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Subscription and ad-supported versions of Office applications in the cards

For many computer users around the world when they think of typing a letter or a research paper, the first thing they think of is Word from Microsoft’s Office suite. The problem for buyers of new computers is that the application typically doesn’t come with a new computer and Office costs in the area of $400 for some versions.

In light of the high price for software that many people simply don’t utilize completely, there are a number of open source alternatives taking some of Microsoft’s thunder away because they are free – applications like OpenOffice and Google Docs for example. Google Docs is especially becoming more interesting to users looking for a Microsoft Office alternative thanks to its recently added offline functionality.

To try and gain back some of what it perceives to be market loss, Microsoft is said to be looking at new business models for its Office applications. According to PC World, Microsoft is considering two new access methods for Office applications including a subscription based model and a free ad-supported version of Microsoft Works.

Exactly what the pricing would be on a subscription version of Microsoft Office is unknown, but as PC World points out it would have to be under $33 per month to remain competitive with the straight purchase option. Many would have a hard time stomaching a subscription-based model.

Microsoft is also reported to be pilot testing an ad-supported version of Microsoft Works that could be provided on new PCs at no change in exchange for having to put up with ads. How exactly the ads would be presented is unknown. Some sort of a quasi-unobtrusive permanent ad space like you see in some versions of the Eudora mail application might not be too bad.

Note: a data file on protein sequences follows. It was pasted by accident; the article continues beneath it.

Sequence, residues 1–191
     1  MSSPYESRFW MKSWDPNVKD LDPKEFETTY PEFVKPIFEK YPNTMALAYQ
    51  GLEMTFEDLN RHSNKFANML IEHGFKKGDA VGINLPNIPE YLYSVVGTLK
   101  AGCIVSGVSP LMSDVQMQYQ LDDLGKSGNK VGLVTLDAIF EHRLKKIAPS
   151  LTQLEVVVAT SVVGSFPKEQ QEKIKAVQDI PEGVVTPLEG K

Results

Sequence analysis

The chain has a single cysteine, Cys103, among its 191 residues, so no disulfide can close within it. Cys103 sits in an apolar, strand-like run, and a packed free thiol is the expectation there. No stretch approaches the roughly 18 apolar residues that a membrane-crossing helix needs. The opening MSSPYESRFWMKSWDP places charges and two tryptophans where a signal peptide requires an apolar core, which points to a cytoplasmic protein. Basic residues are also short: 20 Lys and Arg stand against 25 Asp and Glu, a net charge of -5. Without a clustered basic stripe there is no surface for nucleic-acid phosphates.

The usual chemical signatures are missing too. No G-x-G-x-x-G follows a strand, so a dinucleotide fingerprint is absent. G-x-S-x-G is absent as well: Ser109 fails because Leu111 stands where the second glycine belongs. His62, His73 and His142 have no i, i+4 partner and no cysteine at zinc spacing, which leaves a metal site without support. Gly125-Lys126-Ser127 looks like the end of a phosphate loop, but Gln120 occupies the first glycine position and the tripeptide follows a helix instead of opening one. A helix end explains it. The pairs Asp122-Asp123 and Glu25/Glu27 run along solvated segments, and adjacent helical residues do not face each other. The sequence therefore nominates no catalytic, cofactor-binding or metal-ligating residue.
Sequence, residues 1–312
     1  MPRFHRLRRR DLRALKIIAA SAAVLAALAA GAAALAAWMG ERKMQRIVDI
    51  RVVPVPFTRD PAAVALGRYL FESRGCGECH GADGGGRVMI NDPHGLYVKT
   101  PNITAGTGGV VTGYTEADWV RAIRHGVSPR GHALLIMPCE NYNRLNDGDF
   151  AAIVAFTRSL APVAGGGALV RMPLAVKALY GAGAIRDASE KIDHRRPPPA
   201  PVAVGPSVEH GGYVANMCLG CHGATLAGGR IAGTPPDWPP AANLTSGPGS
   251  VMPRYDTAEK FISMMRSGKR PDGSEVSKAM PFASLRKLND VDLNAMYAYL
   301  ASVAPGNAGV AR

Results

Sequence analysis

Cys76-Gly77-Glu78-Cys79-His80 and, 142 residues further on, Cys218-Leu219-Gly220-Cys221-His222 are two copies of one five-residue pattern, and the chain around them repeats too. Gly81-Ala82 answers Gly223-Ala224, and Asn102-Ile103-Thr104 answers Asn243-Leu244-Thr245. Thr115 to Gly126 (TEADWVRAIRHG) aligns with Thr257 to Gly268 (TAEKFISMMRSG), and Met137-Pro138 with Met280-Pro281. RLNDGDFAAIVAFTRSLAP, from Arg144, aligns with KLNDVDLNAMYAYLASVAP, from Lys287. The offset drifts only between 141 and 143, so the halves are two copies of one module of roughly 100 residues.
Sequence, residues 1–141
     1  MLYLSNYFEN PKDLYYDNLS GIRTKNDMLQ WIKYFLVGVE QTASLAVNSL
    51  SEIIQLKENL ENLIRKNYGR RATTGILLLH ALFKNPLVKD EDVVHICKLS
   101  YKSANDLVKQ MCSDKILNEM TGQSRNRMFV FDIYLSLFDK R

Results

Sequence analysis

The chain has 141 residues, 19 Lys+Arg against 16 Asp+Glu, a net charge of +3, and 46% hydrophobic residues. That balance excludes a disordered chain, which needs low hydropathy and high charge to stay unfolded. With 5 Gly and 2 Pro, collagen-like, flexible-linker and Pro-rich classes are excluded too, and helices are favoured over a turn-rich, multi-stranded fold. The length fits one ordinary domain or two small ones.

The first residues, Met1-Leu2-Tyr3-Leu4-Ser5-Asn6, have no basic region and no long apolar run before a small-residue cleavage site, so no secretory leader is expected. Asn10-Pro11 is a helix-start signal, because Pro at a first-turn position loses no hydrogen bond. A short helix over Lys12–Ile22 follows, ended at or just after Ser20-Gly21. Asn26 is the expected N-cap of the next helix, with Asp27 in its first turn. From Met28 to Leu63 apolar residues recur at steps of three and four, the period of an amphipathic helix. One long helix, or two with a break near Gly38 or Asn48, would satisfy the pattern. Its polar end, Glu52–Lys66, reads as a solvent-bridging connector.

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Yikes!
By quickk on 4/21/2008 9:59:15 PM , Rating: 2
quote:
when they think of typing a letter or a research paper , the first thing they think of is Word from Microsoft’s Office suite


This made me cringe. For research papers, nothing beats LaTeX!




RE: Yikes!
By CSMR on 4/22/2008 12:25:07 AM , Rating: 3
A person who doesn't intimately understand the inner workings of computers will not even be able to install LATEX, let alone be comfortable using it. You have to pay to get a self-contained application using LATEX with a decent GUI. Unless the work is dense in mathematics it will rarely be worth it.


RE: Yikes!
By quickk on 4/22/2008 12:47:53 PM , Rating: 2
While I agree with you that using LaTeX isn't as simple as using word or openoffice, depending on the type of document you are writing, learning to use LaTeX may well be worth the effort. I'd rarely use LaTeX to write a letter, for example, but I'd certainly use it to write a thesis even if it did not contain any mathematics. LateX in combination with BibTeX (used to keep track, and typeset, your references) is extremely powerful, and does not have to cost you anything.

If anyone is interested in learning about LaTeX, you can check out this nice document: http://tobi.oetiker.ch/lshort/lshort.pdf

To use LateX in windows, just install the freely available miktex: http://miktex.org/2.7/Setup.aspx

For a nice free windows GUI: http://www.texniccenter.org/


RE: Yikes!
By tanishalfelven on 4/22/2008 10:14:40 PM , Rating: 2
dude,your sense of humor is broken.


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